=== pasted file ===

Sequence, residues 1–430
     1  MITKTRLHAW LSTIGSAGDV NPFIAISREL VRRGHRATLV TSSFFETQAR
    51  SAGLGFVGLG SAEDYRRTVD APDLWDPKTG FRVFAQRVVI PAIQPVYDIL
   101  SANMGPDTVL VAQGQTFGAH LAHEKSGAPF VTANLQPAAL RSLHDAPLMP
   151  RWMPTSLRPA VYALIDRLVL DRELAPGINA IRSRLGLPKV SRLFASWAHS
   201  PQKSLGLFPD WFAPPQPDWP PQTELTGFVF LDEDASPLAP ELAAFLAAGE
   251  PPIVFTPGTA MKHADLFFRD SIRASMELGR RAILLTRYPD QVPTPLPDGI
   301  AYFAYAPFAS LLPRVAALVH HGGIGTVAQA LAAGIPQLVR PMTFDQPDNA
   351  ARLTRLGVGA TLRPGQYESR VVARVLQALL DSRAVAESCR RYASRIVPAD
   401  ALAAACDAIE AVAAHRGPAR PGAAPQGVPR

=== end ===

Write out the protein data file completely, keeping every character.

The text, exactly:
Sequence, residues 1–430
     1  MITKTRLHAW LSTIGSAGDV NPFIAISREL VRRGHRATLV TSSFFETQAR
    51  SAGLGFVGLG SAEDYRRTVD APDLWDPKTG FRVFAQRVVI PAIQPVYDIL
   101  SANMGPDTVL VAQGQTFGAH LAHEKSGAPF VTANLQPAAL RSLHDAPLMP
   151  RWMPTSLRPA VYALIDRLVL DRELAPGINA IRSRLGLPKV SRLFASWAHS
   201  PQKSLGLFPD WFAPPQPDWP PQTELTGFVF LDEDASPLAP ELAAFLAAGE
   251  PPIVFTPGTA MKHADLFFRD SIRASMELGR RAILLTRYPD QVPTPLPDGI
   301  AYFAYAPFAS LLPRVAALVH HGGIGTVAQA LAAGIPQLVR PMTFDQPDNA
   351  ARLTRLGVGA TLRPGQYESR VVARVLQALL DSRAVAESCR RYASRIVPAD
   401  ALAAACDAIE AVAAHRGPAR PGAAPQGVPR